The patriarchal elite of Western society operates on the principles enumerated by Machiavelli, including “divide and conquer;” intolerant of even hierarchical extended families, and driving wedges into the most intimate aspects of the nuclear family.  The State, which is the patriarchal pseudo-family offered to the masses, penetrates its influence even into the bedrooms of the people subjugated under its Democracy, Socialism, Communism, Capitalism, Christianity, and other institutional philosophies.  The destruction of the extended family leaves a void which is felt but cannot be described in Western languages; people within Western society adopt many different strategies to deal with that void, resulting in teen pregnancies, gang membership, drugs, divorces, addictions, anger, joining “unhappy groups” like the Neo-Nazis so that they can project their own pain onto other people in the form of hate... all of these patterns resulting from the destruction of the extended families and the abstract hierarchical languages of Western society prevent people from dealing with the root causes of their pain.  There is no language or grammar in Western society to structure, maintain, or even comprehend egalitarian extended family.  Westerners are forced into the mold of “mechanical man,” and are crippled by their culture and their language in ways which abuse them, wound them deeply and prevent them from becoming fully human and from realizing their inter-connectedness with all life on earth.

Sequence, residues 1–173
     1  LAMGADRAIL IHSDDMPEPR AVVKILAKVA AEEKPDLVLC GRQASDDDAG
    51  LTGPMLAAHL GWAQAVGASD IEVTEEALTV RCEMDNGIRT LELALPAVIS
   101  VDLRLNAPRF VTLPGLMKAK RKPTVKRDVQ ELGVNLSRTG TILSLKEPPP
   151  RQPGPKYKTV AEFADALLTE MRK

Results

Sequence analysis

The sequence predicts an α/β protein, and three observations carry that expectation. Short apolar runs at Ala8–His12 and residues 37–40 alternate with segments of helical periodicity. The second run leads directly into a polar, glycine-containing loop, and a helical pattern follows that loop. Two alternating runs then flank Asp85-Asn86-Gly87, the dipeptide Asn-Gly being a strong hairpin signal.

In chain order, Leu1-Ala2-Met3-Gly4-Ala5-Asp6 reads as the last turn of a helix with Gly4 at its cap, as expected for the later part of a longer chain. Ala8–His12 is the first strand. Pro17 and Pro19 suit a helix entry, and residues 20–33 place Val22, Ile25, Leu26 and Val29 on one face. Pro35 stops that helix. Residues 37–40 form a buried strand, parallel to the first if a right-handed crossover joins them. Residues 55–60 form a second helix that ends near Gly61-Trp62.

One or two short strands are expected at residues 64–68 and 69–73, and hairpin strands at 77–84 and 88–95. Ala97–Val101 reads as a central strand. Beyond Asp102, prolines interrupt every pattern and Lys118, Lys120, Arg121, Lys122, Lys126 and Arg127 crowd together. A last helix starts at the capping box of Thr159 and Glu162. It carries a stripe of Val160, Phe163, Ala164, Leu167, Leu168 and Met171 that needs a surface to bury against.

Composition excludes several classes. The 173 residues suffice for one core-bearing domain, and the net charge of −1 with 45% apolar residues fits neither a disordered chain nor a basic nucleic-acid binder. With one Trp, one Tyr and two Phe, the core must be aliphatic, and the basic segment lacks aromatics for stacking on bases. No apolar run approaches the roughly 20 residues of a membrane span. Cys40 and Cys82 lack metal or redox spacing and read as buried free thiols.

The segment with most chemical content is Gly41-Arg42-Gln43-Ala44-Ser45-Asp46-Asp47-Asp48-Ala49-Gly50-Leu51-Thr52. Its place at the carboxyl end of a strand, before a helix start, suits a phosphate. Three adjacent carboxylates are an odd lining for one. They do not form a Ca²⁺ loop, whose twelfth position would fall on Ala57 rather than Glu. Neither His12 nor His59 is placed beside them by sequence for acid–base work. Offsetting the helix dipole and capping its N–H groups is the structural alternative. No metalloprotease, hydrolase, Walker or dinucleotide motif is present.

If one could stand outside the structure of the Western society, and look at it from another paradigm, they would realize that the Hippie movement, the New Age phenomenon, and the great numbers of Whites searching for “medicine men,” shamans, and “Indian religion” all come from the innate sense of loss which remains on some level of awareness for many Westerners, despite the numbing, sado/masochistic, addictive and disconnecting effects of Western language and culture.

Western society has come full circle, using the achievements of their “advanced technology” to bomb the barren sands of the land which they once called the Garden of Eden.  They are maintaining institutional illusions about their society and their history at an ever-increasing cost.